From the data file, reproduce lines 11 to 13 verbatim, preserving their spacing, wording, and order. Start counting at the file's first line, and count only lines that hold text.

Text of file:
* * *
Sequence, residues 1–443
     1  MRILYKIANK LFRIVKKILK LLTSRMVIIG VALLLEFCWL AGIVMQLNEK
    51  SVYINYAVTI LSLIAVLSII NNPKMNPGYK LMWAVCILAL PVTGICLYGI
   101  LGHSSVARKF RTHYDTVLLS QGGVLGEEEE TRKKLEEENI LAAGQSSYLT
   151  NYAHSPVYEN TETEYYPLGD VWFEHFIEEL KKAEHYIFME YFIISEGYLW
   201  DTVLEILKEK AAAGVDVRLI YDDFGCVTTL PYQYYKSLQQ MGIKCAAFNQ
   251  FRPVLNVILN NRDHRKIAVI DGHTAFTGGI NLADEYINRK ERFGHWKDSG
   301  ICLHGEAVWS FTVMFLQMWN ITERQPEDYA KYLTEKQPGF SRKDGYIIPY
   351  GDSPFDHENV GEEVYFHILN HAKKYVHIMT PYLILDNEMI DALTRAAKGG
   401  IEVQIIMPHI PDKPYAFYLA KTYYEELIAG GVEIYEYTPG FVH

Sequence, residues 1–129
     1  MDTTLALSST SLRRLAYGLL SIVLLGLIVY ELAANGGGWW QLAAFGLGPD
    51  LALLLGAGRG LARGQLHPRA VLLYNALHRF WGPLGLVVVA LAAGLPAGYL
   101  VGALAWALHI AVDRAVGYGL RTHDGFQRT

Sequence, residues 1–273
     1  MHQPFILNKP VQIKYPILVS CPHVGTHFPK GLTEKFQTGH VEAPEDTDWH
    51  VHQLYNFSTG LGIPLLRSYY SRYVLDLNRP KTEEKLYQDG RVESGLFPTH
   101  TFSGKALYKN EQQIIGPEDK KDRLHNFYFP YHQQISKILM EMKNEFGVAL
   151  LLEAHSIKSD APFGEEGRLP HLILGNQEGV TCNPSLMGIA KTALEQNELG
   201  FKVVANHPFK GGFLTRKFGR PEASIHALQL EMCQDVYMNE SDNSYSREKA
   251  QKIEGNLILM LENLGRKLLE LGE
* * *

Sequence, residues 1–129
     1  MDTTLALSST SLRRLAYGLL SIVLLGLIVY ELAANGGGWW QLAAFGLGPD
    51  LALLLGAGRG LARGQLHPRA VLLYNALHRF WGPLGLVVVA LAAGLPAGYL